Current pressures in the food industries are costing workers not only their health, but also their lives. Meanwhile, shutdowns are exacerbated by difficulties that food suppliers are having with transferring product away from restaurants and manufacturers, and toward consumers. Further problems are also occurring. In Newfoundland and Labrador, food prices are rising due to what Atlantic Grocery Distributors calls “higher operating costs, lack of availability of raw materials, and the current exchange rate.” As well, within Indigenous communities – many already familiar with chronic food insecurity – evidence of shortages is increasing. On the west coast, Jess Housty, the “executive director” of a “non-profit that leads a community garden program” and a member of the Haíɫzaqv (Heiltsuk) Nation, told journalist Stephanie Wood that “there’s ‘a ton of anxiety and uncertainty in the air’ as the supply chains to remote communities are disrupted.” And, due to economic and other difficulties, Food Banks Canada has launched “a special $150M appeal,” warning that the pandemic has increased the need for food, even as it has decreased food banks’ resources.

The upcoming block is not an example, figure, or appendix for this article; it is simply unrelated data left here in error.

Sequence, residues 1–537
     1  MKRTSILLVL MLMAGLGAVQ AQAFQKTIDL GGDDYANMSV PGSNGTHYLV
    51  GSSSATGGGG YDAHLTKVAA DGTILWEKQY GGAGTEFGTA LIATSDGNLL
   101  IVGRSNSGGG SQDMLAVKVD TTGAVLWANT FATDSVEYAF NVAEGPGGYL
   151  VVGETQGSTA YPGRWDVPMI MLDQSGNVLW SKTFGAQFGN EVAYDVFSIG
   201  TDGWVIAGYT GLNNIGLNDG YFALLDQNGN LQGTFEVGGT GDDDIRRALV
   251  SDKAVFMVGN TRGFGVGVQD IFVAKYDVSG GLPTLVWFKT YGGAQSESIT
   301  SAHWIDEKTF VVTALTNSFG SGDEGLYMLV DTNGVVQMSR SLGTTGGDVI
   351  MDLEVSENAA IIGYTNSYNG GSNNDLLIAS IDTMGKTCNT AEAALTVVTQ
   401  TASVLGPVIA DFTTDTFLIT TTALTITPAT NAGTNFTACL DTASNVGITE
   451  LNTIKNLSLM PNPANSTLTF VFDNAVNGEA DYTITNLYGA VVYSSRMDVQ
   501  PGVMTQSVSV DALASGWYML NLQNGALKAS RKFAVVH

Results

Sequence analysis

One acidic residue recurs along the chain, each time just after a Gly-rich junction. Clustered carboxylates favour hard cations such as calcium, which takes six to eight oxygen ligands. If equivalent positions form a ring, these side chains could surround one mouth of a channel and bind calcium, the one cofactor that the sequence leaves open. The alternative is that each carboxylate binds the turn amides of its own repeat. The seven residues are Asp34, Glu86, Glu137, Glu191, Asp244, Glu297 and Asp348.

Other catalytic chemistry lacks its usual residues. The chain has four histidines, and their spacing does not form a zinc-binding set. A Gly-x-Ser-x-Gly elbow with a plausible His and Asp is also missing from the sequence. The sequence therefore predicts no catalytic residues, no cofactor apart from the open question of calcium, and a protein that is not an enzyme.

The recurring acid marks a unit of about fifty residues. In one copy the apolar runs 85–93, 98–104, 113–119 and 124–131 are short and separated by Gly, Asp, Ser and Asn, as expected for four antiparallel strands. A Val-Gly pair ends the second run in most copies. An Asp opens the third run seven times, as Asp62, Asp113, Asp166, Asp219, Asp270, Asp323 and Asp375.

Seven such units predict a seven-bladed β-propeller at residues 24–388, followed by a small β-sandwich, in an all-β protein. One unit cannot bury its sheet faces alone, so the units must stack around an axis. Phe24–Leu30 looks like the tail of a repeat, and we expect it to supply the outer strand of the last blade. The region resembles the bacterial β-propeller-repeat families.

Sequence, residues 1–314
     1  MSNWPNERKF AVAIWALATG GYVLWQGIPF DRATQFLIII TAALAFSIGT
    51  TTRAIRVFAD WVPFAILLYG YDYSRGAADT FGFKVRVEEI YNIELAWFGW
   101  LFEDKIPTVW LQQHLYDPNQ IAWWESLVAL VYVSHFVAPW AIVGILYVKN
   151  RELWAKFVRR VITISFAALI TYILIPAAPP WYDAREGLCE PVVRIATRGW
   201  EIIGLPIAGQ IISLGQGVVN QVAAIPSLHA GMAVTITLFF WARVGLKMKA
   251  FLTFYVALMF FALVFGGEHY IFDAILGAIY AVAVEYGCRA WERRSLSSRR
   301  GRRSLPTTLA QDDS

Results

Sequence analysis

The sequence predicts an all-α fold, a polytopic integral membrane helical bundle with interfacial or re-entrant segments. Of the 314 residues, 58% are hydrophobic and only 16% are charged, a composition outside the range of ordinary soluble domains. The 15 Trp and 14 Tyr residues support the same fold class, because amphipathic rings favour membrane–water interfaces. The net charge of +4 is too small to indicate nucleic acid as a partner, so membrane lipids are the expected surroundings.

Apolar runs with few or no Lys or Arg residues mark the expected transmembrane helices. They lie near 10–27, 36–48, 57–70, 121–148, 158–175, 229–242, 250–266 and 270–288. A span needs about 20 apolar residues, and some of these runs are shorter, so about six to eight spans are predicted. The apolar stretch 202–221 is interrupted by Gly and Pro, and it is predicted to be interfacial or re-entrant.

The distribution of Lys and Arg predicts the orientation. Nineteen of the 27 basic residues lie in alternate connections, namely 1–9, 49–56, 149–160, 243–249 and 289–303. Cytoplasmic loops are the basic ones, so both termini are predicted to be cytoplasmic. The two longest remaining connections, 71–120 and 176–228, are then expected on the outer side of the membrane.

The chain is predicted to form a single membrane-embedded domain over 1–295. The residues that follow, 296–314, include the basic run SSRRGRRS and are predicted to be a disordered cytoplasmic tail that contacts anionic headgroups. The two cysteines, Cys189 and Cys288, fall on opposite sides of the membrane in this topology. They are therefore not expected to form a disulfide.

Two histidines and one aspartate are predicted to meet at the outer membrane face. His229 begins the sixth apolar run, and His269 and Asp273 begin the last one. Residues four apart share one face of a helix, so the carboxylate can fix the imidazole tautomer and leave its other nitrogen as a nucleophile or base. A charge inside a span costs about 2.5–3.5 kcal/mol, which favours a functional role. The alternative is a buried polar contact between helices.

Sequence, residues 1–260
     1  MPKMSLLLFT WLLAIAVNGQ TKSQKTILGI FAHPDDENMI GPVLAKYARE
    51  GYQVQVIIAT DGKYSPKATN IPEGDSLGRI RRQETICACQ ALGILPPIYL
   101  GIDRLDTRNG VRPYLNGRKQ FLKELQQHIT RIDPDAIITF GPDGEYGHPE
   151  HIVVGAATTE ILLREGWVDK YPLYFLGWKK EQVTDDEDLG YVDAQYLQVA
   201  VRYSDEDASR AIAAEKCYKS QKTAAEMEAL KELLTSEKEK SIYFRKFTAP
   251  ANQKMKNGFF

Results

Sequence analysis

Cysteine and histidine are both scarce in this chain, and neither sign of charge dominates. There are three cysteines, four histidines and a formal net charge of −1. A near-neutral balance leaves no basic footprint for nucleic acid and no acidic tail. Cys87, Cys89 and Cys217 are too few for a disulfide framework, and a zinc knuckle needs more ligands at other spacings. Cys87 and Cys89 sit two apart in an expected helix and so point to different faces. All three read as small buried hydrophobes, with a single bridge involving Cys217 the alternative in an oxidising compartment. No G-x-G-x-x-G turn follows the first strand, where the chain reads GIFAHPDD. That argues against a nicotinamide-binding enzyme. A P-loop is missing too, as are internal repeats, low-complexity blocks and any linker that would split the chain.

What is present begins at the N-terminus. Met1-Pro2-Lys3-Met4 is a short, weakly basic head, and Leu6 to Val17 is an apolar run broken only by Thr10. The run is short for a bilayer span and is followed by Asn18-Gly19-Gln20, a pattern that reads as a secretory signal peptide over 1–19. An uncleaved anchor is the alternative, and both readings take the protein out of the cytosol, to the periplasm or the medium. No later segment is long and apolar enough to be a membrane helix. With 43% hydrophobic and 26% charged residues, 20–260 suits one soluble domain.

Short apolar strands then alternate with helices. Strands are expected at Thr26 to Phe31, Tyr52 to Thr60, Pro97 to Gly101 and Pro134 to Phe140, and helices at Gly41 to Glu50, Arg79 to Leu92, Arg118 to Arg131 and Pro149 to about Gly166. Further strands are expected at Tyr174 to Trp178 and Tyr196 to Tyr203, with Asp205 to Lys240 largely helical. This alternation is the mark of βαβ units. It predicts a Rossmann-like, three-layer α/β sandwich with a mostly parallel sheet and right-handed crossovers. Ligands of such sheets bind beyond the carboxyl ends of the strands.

Individual shoppers are not solely to blame. Illness and logistical difficulties are putting very real strains upon the marketplace. That said, when customers stockpile goods, shortages do occur. Price inflation happens, too. For these reasons, I want to make some space, here, to consider the ways that Canadians distribute and procure their goods. As Sheila Rowbotham writes, “though the market is frequently abstracted as a timeless economic force, markets are social structures which have been shaped and reshaped historically.”[1] In Canada, the twin pillars of liberalism and capitalism have meant that for well over a century, Canadians have distributed and consumed their goods in a free market setting, one that has seen some regulation, but also one in which individual workers and consumers are expected to fend for themselves.